Performance was ok.It's not a book that needs much emotion
Umm considering this is no more Bell Labs...no.
Okay, so this review is going to be biased. I'm telling you straight forward. I've always had a fascination with the idea of Bell Labs, and admittedly, have been ennamoured with the place for years. I now work at Alcatel-Lucent (owner of Bell Labs) so I sort of achieved my goal in life. Anyway, I felt the book was a very very good review more of the people's lives who worked at Bell Labs, rather than actually focusing on the individual inventions. They glossed over a lot of big inventions such as the creation of UNIX. And the C programming language. Instead focusing on mannerisms and traits of the people who worked there. I don't mind obviously learning and reading about the great pillars of creative thought, but there are so many presented in this book.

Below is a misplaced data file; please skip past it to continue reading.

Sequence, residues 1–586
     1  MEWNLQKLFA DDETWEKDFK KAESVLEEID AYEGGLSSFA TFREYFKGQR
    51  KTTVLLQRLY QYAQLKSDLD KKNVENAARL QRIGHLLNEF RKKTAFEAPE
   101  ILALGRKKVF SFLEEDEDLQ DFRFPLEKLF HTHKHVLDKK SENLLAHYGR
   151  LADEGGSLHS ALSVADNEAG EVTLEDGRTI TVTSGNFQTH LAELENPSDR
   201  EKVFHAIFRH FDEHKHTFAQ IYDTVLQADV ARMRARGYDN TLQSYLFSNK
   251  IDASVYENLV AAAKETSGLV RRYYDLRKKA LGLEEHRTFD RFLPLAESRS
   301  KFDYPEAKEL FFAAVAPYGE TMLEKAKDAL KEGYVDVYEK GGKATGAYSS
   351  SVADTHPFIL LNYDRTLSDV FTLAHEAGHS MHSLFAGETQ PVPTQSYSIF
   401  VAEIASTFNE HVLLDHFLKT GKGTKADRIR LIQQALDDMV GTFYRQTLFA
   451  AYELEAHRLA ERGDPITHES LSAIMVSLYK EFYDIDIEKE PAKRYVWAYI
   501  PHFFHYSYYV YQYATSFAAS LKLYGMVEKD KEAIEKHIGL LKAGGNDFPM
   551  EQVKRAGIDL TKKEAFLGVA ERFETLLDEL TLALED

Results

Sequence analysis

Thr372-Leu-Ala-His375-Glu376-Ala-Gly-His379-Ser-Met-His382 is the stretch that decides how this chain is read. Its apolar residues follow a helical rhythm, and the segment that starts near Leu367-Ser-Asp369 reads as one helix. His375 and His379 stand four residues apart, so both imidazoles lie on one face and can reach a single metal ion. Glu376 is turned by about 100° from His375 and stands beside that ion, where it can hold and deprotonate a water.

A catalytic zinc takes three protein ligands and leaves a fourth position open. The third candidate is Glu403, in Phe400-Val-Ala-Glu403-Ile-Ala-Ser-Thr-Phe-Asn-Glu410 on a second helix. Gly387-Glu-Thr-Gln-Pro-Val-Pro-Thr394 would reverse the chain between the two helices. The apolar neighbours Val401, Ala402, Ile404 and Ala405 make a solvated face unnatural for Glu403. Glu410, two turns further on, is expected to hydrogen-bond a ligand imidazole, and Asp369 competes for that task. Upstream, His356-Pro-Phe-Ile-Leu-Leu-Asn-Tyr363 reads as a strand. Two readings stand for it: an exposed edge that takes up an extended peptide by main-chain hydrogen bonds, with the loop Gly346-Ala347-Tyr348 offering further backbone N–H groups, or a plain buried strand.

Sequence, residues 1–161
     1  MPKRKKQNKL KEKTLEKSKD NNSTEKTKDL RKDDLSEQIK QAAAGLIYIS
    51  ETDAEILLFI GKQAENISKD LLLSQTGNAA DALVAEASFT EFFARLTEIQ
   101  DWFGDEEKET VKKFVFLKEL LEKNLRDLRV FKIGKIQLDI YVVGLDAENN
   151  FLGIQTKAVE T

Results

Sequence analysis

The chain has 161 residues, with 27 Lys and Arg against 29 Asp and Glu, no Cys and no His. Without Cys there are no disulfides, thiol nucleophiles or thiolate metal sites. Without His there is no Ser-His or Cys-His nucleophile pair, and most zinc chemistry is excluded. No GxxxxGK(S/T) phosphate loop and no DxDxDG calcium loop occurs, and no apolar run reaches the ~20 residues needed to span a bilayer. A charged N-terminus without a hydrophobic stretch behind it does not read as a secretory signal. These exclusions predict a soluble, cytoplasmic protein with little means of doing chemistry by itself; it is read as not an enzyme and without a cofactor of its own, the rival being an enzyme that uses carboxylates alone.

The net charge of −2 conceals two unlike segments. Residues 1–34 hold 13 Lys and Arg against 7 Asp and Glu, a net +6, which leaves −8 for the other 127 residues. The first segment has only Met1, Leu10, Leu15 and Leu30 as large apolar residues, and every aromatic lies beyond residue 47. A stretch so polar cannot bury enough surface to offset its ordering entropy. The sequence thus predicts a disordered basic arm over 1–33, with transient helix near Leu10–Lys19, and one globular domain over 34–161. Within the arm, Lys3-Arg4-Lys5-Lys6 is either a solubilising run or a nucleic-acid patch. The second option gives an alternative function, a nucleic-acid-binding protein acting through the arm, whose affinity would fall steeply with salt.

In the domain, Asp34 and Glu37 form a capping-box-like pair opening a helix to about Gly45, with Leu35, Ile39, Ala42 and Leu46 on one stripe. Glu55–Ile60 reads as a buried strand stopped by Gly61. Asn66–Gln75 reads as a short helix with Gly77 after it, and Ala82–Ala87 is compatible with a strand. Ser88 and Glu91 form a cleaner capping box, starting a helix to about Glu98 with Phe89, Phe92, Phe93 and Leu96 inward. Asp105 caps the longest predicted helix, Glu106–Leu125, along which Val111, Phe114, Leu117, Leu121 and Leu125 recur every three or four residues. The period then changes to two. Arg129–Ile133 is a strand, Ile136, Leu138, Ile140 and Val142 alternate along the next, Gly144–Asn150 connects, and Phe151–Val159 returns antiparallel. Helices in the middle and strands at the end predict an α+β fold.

This book is also a fun read due to the fact that I live in New Jersey, so it was like a who's who of townships, that received recognition. (even my own tiny hometown was mentioned). I enjoyed reading this, but I can see how anyone without a love of innovation, science, bell labs, at&t and such interests would be bored to tears.
I just wish they would have expanded on certain parts, especially the rivalry between AT&T and MCI.
My own score is a 3/5, but I can see anyone not interested in this may give it a 2/5.
Bell Labs played a hugely significant role in shaping our world today, a role which is surprising unknown. Gertner takes a biographer's approach to recounting Bell Labs' history. Most of the story focuses on the influential people, their personalities, their idiosyncrasies, their experiences, and how they shaped the most significant discoveries, inventions, policies, and events of Bell Labs. I think the story is probably most likely to be enjoyed by those with strong science and engineering interests.